A recent article in the Wall Street Journal showcased the race to control the battery industry, focused on cobalt mining. According to the authors Scott Patterson and Russell Gold, there’s a worldwide race to get as much cobalt as possible, and it’s located in the Congo.
The article points out how freelance miners in the Congo are doing whatever they can to mine cobalt for Chinese buyers, who are selling to Chinese companies, that process the cobalt into rechargeable, lithium-ion batteries used in laptops, smartphones, and electric vehicles.
Their research indicates that the Congo’s natural supply of cobalt for electric vehicles can be compared to what Saudi Arabia’s oil is to internal combustion engines. So far, their research shows that China is the world’s largest electric-car market, and companies from China are in the process of dominating lithium-ion battery production.
In the process, freelance miners with no masks or safety equipment are caught in a process and industry that is in high demand. According to the article, it’s attracting human rights groups such as Amnesty International to look into these supply chains and ensure companies are not using these freelance miners and child labor to mine cobalt.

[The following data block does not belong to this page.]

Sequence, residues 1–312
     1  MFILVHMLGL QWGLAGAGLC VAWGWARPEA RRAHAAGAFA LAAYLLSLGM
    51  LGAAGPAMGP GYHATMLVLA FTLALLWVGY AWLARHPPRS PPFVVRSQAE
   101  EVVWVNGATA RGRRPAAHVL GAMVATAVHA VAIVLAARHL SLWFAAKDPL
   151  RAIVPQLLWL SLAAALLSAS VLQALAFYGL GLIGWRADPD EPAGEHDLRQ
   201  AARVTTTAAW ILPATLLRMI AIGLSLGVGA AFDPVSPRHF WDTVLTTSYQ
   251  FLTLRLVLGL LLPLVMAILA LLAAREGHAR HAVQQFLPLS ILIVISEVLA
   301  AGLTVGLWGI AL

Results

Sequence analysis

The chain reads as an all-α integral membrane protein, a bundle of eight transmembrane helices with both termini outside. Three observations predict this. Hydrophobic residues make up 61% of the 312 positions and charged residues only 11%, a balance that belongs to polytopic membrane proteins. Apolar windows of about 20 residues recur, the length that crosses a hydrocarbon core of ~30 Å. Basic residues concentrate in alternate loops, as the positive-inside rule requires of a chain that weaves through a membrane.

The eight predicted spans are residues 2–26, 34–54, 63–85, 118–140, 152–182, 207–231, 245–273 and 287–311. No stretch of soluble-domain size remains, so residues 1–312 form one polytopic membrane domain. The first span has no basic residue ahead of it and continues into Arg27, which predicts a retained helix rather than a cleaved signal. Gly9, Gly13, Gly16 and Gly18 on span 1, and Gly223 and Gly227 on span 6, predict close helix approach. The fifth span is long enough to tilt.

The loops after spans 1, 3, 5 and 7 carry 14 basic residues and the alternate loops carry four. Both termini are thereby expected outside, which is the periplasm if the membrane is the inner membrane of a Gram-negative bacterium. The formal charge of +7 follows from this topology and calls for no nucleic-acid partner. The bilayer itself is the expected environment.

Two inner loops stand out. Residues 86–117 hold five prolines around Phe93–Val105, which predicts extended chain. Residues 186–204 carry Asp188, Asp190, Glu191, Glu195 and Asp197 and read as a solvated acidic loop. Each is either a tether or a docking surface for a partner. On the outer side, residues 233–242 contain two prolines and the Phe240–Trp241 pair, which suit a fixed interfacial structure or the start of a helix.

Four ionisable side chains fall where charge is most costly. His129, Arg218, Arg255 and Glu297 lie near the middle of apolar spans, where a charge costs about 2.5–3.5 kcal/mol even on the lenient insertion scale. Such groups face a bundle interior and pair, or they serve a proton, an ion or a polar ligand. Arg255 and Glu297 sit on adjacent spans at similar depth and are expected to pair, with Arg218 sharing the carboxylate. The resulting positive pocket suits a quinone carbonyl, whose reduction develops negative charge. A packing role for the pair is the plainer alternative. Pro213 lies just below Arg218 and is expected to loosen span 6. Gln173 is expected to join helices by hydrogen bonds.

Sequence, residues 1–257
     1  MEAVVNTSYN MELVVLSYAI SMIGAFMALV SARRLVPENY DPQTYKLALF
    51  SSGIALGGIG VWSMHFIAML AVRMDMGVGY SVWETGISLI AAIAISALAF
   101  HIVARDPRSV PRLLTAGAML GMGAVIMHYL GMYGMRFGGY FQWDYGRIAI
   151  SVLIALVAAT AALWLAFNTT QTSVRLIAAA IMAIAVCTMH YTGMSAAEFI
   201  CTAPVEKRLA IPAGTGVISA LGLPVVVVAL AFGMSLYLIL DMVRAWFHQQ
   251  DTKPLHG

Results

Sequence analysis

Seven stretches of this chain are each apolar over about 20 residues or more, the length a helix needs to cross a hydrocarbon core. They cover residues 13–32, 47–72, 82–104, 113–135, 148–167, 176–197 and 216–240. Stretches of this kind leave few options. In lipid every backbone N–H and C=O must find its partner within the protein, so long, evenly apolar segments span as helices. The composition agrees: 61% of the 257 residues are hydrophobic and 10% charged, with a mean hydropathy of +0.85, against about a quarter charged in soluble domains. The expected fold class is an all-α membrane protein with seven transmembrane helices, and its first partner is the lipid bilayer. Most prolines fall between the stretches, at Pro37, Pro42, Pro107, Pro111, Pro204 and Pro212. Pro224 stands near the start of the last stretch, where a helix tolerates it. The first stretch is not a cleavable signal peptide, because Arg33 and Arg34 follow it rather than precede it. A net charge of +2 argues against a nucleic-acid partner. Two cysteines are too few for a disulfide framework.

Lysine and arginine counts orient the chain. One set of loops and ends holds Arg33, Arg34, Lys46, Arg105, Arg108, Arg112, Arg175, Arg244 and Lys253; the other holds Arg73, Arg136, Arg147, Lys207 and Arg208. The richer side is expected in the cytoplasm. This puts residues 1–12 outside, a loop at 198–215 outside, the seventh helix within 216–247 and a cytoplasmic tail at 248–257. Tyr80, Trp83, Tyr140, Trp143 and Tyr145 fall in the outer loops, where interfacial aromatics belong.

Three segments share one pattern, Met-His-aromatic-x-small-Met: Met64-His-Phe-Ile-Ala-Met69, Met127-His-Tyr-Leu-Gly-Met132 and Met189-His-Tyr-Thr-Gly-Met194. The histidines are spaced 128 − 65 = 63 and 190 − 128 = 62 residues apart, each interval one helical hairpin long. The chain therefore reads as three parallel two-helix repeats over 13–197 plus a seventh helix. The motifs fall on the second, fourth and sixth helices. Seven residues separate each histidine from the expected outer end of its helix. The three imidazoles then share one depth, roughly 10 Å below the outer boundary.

The article points out the staggering numbers, with global cobalt production quadrupling to 123,000 metric tons in 2000, and is expecting to reach more than 200,000 tons by 2025. Using cobalt in lithium-ion batteries, however, is not widespread, according to the article. In the article, the authors spoke with some battery experts who say that the technological shifts to make rechargeable batteries with less cobalt, or none at all, might make this mineral less important in future battery production.
With new tariffs on solar panels imposed by the U.S. President Donald Trump, the article points out that some technology experts worry what can happen if China gains a competitive hold in the battery industry.